Since 1967 when modern hospice care was first created, it has provided comfort and an improved quality of life for people who are facing the final phase of a life-limiting illness. For those who are no longer seeking curative treatment, hospice care provides pain and symptom relief, as well as emotional and spiritual support for the patient and their families.

In the United States, the Medicare provides coverage for hospice care that takes place at an inpatient facility or in the patient’s home. If you, a family member, or someone in your care is facing a terminal prognosis, you will need information on hospice care and your Medicare coverage.

Medicare Coverage for Hospice Care
Medicare recipients who have Original Medicare Part A, are eligible for the hospice benefit if they have certification from their physician that their life expectancy is no more than six months. Patients must also sign a statement saying they choose hospice care rather than curative treatment for their illness. It is also possible for patients to decline the hospice benefit after care has begun but have the right to sign up for it again at any time.

If a beneficiary has a Medicare Advantage plan, hospice care is covered by Original Medicare insurance Part A and there may be additional benefits which depend on what the individual policy offers. Even though Original Medicare covers all costs for hospice care, there may be a copayment for prescription drugs or other medications when the patient is receiving care at home. This copayment is no more than $5.00 per prescription. They may also have to pay 5 percent of the Medicare-approved amount for inpatient respite care.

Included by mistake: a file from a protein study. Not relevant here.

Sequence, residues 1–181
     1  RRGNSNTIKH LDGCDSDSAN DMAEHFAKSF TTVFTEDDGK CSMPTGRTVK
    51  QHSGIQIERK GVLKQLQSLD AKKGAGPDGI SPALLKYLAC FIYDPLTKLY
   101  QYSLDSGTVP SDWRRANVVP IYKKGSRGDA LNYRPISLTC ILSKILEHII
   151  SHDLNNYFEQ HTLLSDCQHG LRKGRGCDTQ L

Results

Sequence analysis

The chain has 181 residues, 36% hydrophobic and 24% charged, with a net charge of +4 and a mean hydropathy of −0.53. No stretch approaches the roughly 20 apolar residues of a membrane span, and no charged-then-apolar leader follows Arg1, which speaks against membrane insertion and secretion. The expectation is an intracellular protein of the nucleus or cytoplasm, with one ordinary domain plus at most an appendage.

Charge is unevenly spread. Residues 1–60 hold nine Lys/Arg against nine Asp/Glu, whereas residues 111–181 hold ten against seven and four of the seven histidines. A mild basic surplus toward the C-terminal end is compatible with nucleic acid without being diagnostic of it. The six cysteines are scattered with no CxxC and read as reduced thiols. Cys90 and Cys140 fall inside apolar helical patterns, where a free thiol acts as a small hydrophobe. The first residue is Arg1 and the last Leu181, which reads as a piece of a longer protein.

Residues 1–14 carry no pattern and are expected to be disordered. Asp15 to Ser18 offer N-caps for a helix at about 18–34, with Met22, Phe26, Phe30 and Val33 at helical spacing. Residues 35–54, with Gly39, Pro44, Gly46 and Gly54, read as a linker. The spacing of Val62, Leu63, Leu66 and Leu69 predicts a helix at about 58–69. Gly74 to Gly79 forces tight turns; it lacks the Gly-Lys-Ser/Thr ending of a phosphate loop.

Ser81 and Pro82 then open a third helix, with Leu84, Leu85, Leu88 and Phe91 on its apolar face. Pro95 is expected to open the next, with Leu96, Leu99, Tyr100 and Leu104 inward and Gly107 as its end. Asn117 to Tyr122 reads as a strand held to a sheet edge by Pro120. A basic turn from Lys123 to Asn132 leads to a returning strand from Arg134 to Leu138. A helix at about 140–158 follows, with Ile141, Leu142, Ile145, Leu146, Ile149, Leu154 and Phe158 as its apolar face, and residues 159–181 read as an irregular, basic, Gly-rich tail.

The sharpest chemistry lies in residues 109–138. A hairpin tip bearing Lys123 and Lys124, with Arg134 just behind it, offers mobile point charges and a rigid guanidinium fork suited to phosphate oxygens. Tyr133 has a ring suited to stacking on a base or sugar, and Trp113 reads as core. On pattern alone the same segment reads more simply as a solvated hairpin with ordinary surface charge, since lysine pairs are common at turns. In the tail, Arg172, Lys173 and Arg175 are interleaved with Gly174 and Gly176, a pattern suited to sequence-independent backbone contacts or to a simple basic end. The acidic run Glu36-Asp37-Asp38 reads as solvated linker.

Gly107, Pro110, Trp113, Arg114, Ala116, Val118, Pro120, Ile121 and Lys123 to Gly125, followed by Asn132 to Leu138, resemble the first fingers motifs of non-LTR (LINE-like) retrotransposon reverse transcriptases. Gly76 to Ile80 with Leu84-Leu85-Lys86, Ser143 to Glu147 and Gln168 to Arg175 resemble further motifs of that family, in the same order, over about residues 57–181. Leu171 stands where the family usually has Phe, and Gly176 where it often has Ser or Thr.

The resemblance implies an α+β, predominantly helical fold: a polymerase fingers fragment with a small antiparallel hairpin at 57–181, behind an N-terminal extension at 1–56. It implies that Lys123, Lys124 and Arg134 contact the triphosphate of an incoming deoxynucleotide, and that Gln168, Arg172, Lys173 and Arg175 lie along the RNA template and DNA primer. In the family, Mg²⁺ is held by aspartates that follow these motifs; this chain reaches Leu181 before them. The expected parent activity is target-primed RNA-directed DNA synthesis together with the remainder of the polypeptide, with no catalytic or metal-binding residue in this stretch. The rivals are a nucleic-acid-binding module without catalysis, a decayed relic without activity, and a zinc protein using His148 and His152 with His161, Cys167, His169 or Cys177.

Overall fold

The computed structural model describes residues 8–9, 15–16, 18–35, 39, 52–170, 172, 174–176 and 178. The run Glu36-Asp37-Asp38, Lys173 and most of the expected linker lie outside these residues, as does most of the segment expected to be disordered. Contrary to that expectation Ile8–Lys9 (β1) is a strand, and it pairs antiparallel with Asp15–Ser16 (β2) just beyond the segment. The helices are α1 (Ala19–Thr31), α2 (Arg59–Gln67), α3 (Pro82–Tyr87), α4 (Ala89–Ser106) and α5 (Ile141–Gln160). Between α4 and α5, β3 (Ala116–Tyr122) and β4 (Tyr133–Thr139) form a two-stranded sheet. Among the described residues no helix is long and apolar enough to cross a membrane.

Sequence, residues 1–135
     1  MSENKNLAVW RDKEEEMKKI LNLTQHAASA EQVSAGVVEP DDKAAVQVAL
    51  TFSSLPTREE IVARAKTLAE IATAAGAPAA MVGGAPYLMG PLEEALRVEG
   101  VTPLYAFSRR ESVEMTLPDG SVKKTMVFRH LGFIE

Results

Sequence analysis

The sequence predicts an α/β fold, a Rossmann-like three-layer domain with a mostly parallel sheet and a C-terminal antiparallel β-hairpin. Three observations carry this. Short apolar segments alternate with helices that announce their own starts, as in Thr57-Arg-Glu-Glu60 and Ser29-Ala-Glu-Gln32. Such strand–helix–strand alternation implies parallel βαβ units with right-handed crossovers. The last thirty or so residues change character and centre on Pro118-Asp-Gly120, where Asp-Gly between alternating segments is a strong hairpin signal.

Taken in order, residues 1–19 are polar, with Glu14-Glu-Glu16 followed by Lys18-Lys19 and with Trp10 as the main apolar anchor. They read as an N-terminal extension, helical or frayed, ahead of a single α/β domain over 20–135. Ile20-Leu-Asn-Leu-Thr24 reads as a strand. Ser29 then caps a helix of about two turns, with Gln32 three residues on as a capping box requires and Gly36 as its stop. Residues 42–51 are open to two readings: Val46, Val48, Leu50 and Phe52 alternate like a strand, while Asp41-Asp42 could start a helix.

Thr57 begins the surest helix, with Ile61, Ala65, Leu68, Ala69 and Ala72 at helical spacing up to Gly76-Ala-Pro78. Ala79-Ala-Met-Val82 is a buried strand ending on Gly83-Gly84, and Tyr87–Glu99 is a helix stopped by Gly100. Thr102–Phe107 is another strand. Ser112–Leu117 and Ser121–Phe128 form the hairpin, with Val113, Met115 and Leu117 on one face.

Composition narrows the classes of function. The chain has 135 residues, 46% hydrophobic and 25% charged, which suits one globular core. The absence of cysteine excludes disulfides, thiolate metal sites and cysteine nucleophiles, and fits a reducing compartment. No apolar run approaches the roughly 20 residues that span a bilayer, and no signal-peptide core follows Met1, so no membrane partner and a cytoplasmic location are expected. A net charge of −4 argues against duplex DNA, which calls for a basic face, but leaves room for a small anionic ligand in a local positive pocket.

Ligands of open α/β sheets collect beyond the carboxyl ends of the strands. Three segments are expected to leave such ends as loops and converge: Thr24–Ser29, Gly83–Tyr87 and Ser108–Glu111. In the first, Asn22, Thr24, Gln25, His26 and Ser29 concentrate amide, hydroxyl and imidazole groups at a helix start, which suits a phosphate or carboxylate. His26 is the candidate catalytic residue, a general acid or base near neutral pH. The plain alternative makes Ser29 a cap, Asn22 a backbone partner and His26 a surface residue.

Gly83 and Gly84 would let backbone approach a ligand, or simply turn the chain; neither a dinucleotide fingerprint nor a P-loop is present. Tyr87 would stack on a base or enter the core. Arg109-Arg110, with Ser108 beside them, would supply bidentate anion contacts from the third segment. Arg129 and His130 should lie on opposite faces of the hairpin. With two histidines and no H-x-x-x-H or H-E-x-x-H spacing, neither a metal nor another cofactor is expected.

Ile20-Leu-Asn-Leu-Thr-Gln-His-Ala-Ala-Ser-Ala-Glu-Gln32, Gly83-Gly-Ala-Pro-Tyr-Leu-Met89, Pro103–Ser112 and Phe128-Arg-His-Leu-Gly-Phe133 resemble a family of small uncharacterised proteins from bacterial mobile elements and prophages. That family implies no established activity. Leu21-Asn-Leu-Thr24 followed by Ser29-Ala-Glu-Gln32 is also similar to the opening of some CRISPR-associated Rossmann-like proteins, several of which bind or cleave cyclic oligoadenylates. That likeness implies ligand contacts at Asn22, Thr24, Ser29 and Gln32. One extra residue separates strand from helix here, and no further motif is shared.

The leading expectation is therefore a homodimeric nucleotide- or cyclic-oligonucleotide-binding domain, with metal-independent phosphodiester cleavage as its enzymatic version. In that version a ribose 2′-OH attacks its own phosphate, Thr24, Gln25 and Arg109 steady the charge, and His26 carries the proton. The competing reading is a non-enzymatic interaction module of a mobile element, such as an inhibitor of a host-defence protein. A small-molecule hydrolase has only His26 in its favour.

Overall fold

Without Medicare coverage, or another form of health insurance, the cost of hospice care is high. In some facilities the average cost of inpatient care is around $10,000.00 per month. The final cost depends on the level of care that is necessary. At home care usually runs around $150.00 per day, and general inpatient care is about $500.00 per day.

How Long Will Medicare Coverage Last for Hospice Care?
When beneficiaries sign up for hospice care there is a requirement for certification from a health care provider that life expectancy is no more than six months. That is why many people are under the impression that hospice care is only available for a six-month period. That is not the case. After the initial six-month period, hospice care can continue if the medical director, or a doctor of the hospice facility, re-certifies that the patient is terminally ill.

Medicare gives coverage for hospice care in benefit periods. Initially, a patient can receive hospice care for two 90-day benefit periods. After that, they can get hospice care for an unlimited number of 60-day benefit periods. When the first 90-day period begins, the patient’s doctor or hospice doctor must sign the certification that the patient is terminally ill and expected to live six months or less. This must be done again at the beginning of each benefit period afterwards. This recertification allows the patient to remain in hospice care. For every benefit period of hospice care, the patient has the right to change hospice providers one time.

If a patient no long needs hospice care because of improvement in health or remission, the patient can stop hospice care. Basically, patients have the right to terminate hospice care at any time. If it is terminated, they sign a form declaring the date the care ends.

If you, or someone you love is coping with a terminal illness, having all the essential information about hospice care will help relieve some of the stress. Your physician or a hospice care provider can discuss all the details you will need during this difficult time.

Related articles:

What is Medicare Parts A & B

New to Medicare